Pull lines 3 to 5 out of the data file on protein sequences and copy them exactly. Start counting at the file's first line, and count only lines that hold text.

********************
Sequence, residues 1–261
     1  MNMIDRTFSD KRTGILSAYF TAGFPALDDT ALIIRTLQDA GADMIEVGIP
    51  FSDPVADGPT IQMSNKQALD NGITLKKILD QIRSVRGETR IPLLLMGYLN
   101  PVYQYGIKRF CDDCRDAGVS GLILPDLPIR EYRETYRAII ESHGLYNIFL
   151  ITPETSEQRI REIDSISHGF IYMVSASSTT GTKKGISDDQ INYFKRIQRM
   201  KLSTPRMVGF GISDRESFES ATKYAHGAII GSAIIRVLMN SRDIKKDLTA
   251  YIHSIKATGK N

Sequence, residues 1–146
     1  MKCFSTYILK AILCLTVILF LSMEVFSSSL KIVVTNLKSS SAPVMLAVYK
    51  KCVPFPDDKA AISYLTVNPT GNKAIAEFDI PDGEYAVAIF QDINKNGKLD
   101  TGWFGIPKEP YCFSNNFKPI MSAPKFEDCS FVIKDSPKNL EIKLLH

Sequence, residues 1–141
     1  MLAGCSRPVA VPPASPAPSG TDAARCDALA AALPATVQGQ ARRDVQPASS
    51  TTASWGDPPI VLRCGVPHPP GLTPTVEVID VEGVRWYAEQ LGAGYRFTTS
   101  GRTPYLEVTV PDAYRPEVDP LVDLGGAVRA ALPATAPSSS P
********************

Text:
    51  FSDPVADGPT IQMSNKQALD NGITLKKILD QIRSVRGETR IPLLLMGYLN
   101  PVYQYGIKRF CDDCRDAGVS GLILPDLPIR EYRETYRAII ESHGLYNIFL
   151  ITPETSEQRI REIDSISHGF IYMVSASSTT GTKKGISDDQ INYFKRIQRM